Debunking the right’s attacks on The Spirit Level

In recent weeks three separate pamphlets have been published which take issue with the research and the analysis of Richard Wilkinson and Kate Pickett’s widely acclaimed book ‘The Spirit Level: why equality is better for everyone’.

In recent weeks three separate pamphlets have been published which take issue with the research and the analysis of Richard Wilkinson and Kate Pickett’s widely acclaimed book ‘The Spirit Level: why equality is better for everyone’.

The authors of The Spirit Level have already written a detailed response (and also this one published in The Guardian) which expose “the serious methodological errors” in Policy Exchange’s work; point out the lack of any peer-review of their detractors’ work; and cite the many other academics who have conducted research which supports The Spirit Level’s conclusions.

But there are some further gaping holes in the Policy Exchange and TaxPayers’ Alliance’s publications which are worth pointing out.

First and foremost, The Spirit Level is not the only influential study to recognise that socio-economic inequality, particular in the distribution of income and assets, is also profoundly damaging to individuals, families, society and the economy.

This year alone we have had the Marmot Review into Health Inequalities and John Hill’s National Equality Panel’s report – written by the current president of the British Medical Association and the Professor of Social Policy at LSE respectively. Both men conclude that while the poorest suffer most and require most support to boost their life chances and well-being, improvements can only happen once there are fewer gaps between all sections of society.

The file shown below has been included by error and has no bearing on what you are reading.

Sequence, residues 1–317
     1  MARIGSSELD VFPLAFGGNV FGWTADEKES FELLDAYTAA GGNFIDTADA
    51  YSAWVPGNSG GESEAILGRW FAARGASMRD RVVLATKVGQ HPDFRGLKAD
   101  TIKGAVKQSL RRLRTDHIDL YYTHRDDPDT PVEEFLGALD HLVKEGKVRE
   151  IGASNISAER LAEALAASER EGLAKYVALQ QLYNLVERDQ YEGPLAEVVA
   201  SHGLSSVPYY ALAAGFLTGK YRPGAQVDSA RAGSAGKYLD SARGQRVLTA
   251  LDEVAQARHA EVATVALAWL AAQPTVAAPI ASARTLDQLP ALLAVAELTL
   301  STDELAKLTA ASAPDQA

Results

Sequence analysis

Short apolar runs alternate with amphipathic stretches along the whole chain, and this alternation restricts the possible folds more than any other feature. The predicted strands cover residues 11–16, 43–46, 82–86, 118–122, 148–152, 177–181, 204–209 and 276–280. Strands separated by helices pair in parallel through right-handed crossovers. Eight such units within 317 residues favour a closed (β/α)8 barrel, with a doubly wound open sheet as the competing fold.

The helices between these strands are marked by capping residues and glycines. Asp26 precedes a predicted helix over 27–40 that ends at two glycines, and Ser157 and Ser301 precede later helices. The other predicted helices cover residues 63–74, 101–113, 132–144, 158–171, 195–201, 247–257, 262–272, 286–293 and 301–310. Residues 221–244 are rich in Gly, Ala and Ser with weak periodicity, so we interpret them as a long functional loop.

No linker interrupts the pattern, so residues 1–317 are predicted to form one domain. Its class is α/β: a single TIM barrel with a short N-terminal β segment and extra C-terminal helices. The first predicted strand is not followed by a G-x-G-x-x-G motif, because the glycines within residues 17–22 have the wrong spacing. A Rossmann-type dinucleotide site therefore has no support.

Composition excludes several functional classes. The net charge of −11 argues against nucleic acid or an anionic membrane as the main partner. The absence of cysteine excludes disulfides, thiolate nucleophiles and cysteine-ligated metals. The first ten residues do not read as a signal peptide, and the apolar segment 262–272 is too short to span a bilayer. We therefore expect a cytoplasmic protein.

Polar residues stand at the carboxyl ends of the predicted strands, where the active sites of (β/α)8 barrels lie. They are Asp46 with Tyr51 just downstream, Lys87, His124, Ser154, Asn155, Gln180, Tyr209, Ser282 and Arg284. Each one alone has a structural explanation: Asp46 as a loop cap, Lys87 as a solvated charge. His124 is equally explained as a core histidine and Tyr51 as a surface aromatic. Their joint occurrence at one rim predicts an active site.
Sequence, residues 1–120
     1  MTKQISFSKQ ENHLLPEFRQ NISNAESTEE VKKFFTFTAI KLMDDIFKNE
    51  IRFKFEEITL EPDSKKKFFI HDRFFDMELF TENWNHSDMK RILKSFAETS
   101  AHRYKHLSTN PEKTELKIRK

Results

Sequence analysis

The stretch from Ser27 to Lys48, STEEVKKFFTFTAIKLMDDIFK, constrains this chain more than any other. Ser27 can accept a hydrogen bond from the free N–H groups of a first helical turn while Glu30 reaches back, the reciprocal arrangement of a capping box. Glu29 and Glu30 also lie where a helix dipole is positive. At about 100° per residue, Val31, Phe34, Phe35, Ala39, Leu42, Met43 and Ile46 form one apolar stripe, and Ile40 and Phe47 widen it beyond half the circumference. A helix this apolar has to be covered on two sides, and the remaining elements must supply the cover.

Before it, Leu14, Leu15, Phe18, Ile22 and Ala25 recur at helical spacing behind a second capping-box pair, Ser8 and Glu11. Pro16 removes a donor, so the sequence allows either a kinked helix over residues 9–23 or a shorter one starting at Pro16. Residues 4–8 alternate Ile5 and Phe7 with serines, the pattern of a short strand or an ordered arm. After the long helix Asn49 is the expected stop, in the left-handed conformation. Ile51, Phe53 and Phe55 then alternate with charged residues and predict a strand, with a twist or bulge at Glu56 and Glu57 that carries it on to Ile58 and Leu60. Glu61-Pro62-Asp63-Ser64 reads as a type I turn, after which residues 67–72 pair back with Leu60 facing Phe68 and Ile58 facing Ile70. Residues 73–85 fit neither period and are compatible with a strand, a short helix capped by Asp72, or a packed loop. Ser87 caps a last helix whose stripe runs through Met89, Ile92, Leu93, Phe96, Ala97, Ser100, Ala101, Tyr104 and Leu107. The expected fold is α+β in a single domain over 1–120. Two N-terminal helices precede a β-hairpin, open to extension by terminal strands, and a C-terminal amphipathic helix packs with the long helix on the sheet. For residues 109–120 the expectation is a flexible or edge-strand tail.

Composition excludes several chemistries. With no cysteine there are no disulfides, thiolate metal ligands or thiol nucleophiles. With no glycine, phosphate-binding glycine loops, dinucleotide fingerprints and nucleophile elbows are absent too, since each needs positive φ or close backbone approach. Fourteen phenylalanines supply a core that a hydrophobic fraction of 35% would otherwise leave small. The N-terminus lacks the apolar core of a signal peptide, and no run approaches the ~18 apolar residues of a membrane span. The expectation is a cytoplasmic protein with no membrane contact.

As Marmot puts it:

“Focusing solely on the most disadvantaged will not reduce health inequalities sufficiently. To reduce the steepness of the social gradient in health, actions must be universal, but with a scale and intensity that is proportionate to the level of disadvantage.

“We call this proportionate universalism.”

Will Hutton, the very person the government has entrusted with its review of public sector top pay, has just written a book (publication imminent) called ‘Them and Us’: politics, greed and inequality – why we need a fair society. The respected cartographer Danny Dorling has also just published a book ‘Injustice – why social inequality persists’ which pulls together reams of ONS and other data to draw parallel conclusions to The Spirit Level.

Politically this new emphasis has also been evident in the commitment by the Mayor of London, Boris Johnson, to a London living wage of £7.85 an hour and David Cameron’s view that the differential between highest and lowest paid in any public sector agency should be no greater than 1:20. The election campaign, the Coalition Agreement and most recently the Budget have all been framed in terms of fairness, who should be paying the burden for reducing the deficit, and whether resources should be targeted most only at those at the bottom or more universally.

Policy Exchange and other recent critics conveniently forget that The Spirit Level has been embraced by people across the political spectrum.  Positive reviews have been penned from the likes of The Daily Telegraph’s economics editor and The Economist; David Cameron referenced it in his Hugo Young lecture and Michael Gove was effusive in his praise when interviewed alongside Richard Wilkinson on the Today programme. Demos have even written a pamphlet (with a foreword by David Willetts) which proclaims on its cover that “equality can be a core conservative value”.

The embrace from the right has always ever only been partial; and policy prescriptions  emanating have tended to focus on tackling poverty at the very bottom but not inequality throughout society. There are now renewed attempts within the Conservative party to abandon the concept of relative poverty and say that only absolute poverty matters. That is the political context for what looks like a co-ordinated – but academically suspect – attack on The Spirit Level.

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